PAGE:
At the close of escrow, plaintiff received $10,512.08 from the sale of the 1009 East 56th Street property and $38,007.20 from the sale of the 1019-10211/2 East 56th Street property, for a total of $48,519.28. Anderson, having deposited a total of only $500 into escrow, received a refund of $11,340.15 from the escrow on the 1009 East 56th Street property and $10,526.77 from the escrow on the 1019-10211/2 East 56th Street property, for a total refund of $21,866.92. Anderson subsequently defaulted on his obligations to plaintiff.

Procedural Background fn. 4

On March 12, 1997, plaintiff filed a complaint against the Boren defendants, as well as Anderson, Century 21 A&W II fn. 5 and others who are not parties to this appeal. Plaintiff alleged five causes of action for fraud, breach of fiduciary duty, quiet title, declaratory relief, and injunctive relief, respectively.

The thrust of plaintiff's first cause of action for fraud was that Anderson defrauded her out of her property. Plaintiff alleged that Anderson falsely represented the sums of money he was going to borrow, that he would pay plaintiff all loan proceeds and that he needed to spend thousands of dollars to make repairs and improvements to the property. Plaintiff alleged that in reliance on these misrepresentations, she sold Anderson her properties, gave Anderson credit for the sums he had incurred or would later incur for repairs and improvements, and agreed to subordinate her purchase money trust deeds to two trust deeds in favor of an institutional lender. Plaintiff further alleged that Anderson's statements were false, in that he borrowed more money than he said he would, pocketed the excess over the amount of loan proceeds paid to plaintiff, caused trust deeds to be recorded in favor of the Borens in amounts greater than had been agreed, and failed to incur or pay the amounts he stated he had incurred, or would incur, for repairs and improvements. As to the Borens, plaintiff alleged that they conspired with Anderson to defraud her. Specifically, plaintiff alleged that they "acted with and shared a common plan with Anderson to defraud plaintiff, and each of them conspired in, planned, participated or joined in, assisted, aided and abetted and reaped the profits from such activities, causing plaintiff damages." These fraud and civil conspiracy allegations where incorporated by [74 Cal. App. 4th 1309] reference into plaintiff's breach of fiduciary duty cause of action, as well as each of her equitable causes of action.

In her cause of action for quiet title, plaintiff alleged that she would not have subordinated her trust deeds "[w]ere it not for the fraud perpetrated on her by defendants." Plaintiff also alleged that "the principal amounts of the Boren Trust Deeds were bogus and fraudulent" and that "since [she] was fraudulently induced to execute the documents which resulted in [her] Trust Deeds being junior to the Boren Trust Deeds, the Boren Trust Deeds are void and/or voidable at plaintiff's option." Plaintiff stated that by filing this action she elected to void the Borens' trust deeds. In the 33d paragraph of her complaint, she claimed an entitlement "to hav[ing] the Boren Trust Deeds ordered reconveyed, expunged and/or subordinated to each of the Plaintiff Trust Deeds, as of approximately November 2, 1992, so as to clear plaintiff's title to the properties of the cloud created by the recordation of the Boren Trust Deeds." Plaintiff incorporated these additional fraud allegations into her declaratory and injunctive relief causes of action, in which she respectively asked for a declaration of the matters alleged in paragraph 33 of the complaint and an order enjoining foreclosure on the Boren trust deeds.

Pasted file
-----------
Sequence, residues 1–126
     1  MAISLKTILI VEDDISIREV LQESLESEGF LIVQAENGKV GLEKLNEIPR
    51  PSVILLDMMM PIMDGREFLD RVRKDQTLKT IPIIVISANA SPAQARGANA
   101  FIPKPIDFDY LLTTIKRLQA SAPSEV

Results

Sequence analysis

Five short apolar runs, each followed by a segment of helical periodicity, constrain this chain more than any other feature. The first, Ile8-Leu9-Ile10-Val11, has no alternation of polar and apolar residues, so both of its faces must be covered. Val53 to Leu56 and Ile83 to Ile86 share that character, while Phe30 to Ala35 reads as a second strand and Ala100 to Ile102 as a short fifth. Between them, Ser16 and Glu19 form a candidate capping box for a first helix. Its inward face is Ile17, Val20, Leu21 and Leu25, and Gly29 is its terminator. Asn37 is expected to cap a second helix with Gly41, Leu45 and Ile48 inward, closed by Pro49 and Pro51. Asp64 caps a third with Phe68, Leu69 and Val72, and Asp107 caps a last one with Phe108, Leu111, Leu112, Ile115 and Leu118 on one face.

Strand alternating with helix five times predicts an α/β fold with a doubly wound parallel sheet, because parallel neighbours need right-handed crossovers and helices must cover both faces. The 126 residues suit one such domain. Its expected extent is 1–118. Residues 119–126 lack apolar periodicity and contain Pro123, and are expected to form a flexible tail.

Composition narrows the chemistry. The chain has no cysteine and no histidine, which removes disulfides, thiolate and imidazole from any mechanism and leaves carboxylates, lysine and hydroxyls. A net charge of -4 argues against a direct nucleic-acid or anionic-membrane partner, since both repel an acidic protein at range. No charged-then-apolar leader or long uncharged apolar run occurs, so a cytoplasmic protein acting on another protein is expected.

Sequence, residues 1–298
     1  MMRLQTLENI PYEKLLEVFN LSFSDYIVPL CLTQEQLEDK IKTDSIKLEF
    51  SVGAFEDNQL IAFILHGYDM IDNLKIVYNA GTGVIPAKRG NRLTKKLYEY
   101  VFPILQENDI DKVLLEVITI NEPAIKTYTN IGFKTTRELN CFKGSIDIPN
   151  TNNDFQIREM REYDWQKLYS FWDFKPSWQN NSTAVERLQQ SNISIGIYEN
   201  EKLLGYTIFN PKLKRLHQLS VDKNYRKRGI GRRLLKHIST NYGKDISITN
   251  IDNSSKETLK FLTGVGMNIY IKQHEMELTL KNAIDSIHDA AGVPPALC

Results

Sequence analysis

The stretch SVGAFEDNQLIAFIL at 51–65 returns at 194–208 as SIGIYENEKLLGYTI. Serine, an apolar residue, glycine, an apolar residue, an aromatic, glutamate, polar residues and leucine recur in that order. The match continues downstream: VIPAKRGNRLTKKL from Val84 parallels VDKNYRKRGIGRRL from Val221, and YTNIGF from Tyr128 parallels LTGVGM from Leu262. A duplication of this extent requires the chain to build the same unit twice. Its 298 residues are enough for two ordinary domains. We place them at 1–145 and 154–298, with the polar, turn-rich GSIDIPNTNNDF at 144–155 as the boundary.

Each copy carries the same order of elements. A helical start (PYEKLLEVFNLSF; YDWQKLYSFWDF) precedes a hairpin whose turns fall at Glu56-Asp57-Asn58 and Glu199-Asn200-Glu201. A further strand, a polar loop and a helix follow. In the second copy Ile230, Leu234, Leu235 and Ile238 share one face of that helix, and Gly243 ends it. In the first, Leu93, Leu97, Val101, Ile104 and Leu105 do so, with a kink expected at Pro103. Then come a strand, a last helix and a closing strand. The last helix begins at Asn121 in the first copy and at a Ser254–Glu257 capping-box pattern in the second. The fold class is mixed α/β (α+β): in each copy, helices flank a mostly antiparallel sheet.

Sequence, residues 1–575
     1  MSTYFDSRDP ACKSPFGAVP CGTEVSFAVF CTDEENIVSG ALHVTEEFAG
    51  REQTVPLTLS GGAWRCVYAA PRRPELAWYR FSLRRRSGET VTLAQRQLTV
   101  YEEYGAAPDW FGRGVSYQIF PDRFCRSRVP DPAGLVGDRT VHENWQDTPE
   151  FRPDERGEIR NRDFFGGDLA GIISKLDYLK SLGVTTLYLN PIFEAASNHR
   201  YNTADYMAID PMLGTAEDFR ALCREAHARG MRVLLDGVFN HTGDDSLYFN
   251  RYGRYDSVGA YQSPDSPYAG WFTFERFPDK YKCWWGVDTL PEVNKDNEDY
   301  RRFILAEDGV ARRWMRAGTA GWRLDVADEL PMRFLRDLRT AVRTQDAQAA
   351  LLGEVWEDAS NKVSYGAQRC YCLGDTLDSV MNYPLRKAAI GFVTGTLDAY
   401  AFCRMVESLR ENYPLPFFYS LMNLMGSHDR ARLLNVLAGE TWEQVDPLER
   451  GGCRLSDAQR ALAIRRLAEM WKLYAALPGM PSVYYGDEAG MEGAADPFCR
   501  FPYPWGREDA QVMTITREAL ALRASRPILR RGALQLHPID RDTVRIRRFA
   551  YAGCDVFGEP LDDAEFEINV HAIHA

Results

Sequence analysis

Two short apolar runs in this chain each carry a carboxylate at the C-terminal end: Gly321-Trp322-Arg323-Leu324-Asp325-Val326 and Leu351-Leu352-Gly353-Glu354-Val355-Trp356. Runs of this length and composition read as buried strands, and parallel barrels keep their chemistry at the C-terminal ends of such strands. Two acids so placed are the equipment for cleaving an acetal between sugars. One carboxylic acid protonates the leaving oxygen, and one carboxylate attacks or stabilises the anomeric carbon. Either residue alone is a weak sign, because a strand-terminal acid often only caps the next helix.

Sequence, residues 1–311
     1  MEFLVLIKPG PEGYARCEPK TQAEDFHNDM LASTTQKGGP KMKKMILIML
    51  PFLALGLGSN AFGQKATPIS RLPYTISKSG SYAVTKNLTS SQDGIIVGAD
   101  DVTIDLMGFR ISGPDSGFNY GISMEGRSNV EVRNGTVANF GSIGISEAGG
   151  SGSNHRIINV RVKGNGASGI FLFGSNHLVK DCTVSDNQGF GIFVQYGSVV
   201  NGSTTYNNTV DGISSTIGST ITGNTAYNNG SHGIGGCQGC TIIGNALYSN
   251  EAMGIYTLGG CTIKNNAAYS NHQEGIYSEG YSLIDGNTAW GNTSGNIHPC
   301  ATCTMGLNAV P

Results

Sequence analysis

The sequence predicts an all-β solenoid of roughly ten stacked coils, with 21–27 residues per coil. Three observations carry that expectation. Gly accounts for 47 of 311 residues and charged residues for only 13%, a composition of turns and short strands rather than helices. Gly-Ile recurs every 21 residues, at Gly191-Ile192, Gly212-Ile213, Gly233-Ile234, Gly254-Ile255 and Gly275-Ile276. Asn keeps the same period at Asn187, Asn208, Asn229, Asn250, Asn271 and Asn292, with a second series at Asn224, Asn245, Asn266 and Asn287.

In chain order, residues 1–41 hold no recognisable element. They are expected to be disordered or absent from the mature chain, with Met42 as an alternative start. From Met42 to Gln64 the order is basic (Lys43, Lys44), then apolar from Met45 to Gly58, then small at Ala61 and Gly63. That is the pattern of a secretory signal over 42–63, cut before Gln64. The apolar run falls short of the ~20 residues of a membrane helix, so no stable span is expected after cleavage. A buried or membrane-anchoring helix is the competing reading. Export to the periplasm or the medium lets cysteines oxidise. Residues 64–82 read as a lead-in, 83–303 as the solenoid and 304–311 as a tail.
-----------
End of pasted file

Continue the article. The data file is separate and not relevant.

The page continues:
Plaintiff prayed for compensatory and punitive damages on her fraud and breach of fiduciary duty causes of action. She further requested equitable relief, including a readjustment of priorities, on her remaining equitable causes of action. Plaintiff did not include a breach of contract cause of action in her complaint. Thus, apart from the fraud allegations, plaintiff did not assert a contractual theory of recovery as an independent basis for readjustment of priorities.

Prior to and in preparation for trial, the parties stipulated, and the court ordered, that the following issues were to be tried: "(a) Did defendant[] ... Anderson ... commit actionable fraud as to plaintiff? [¶] (b) Did defendant[] Anderson ... breach any fiduciary duties owed plaintiff? [¶] (c) What are the nature and amount of the damages suffered by plaintiff? [¶] (d) Did defendant Ira J. Boren conspire with Anderson to defraud plaintiff? [¶] (e) Was any defendant guilty of oppression, fraud or malice? [¶] (f) Should punitive damages be assessed against any defendant and if so, the amount thereof. [¶] (g) Should the Court expunge the trust deeds in favor of defendant Ira J. Boren and Elizabeth S. Boren ... which now encumber the properties at 1009 and 1019-1021-1/2 E. 56th Street, Los Angeles ... or in the alternative subordinate the Borens' trust deeds to plaintiff's trust deeds?" The parties, as well as the court, acknowledged the equitable nature of the latter issue.

Before the commencement of trial, Anderson filed for bankruptcy protection. That effectively stayed this matter as to Anderson. Accordingly, the [74 Cal. App. 4th 1310] matter proceeded to trial before the court as to the Borens only. After the close of plaintiff's case, defendants made a motion for judgment pursuant to section 631.8. fn. 6 Defendants filed points and authorities in which they argued that judgment under section 631.8 was warranted, in that there was no evidence of fraud or of any agreement or scheme to defraud plaintiff.

The trial court granted defendants' motion for judgment. Thereafter, plaintiff filed a written request for a statement of decision. The court ordered defendants to prepare and submit a proposed statement of decision. Defendants did so. Plaintiff objected to the proposed statement of decision and submitted a new proposed statement of decision, which read as follows: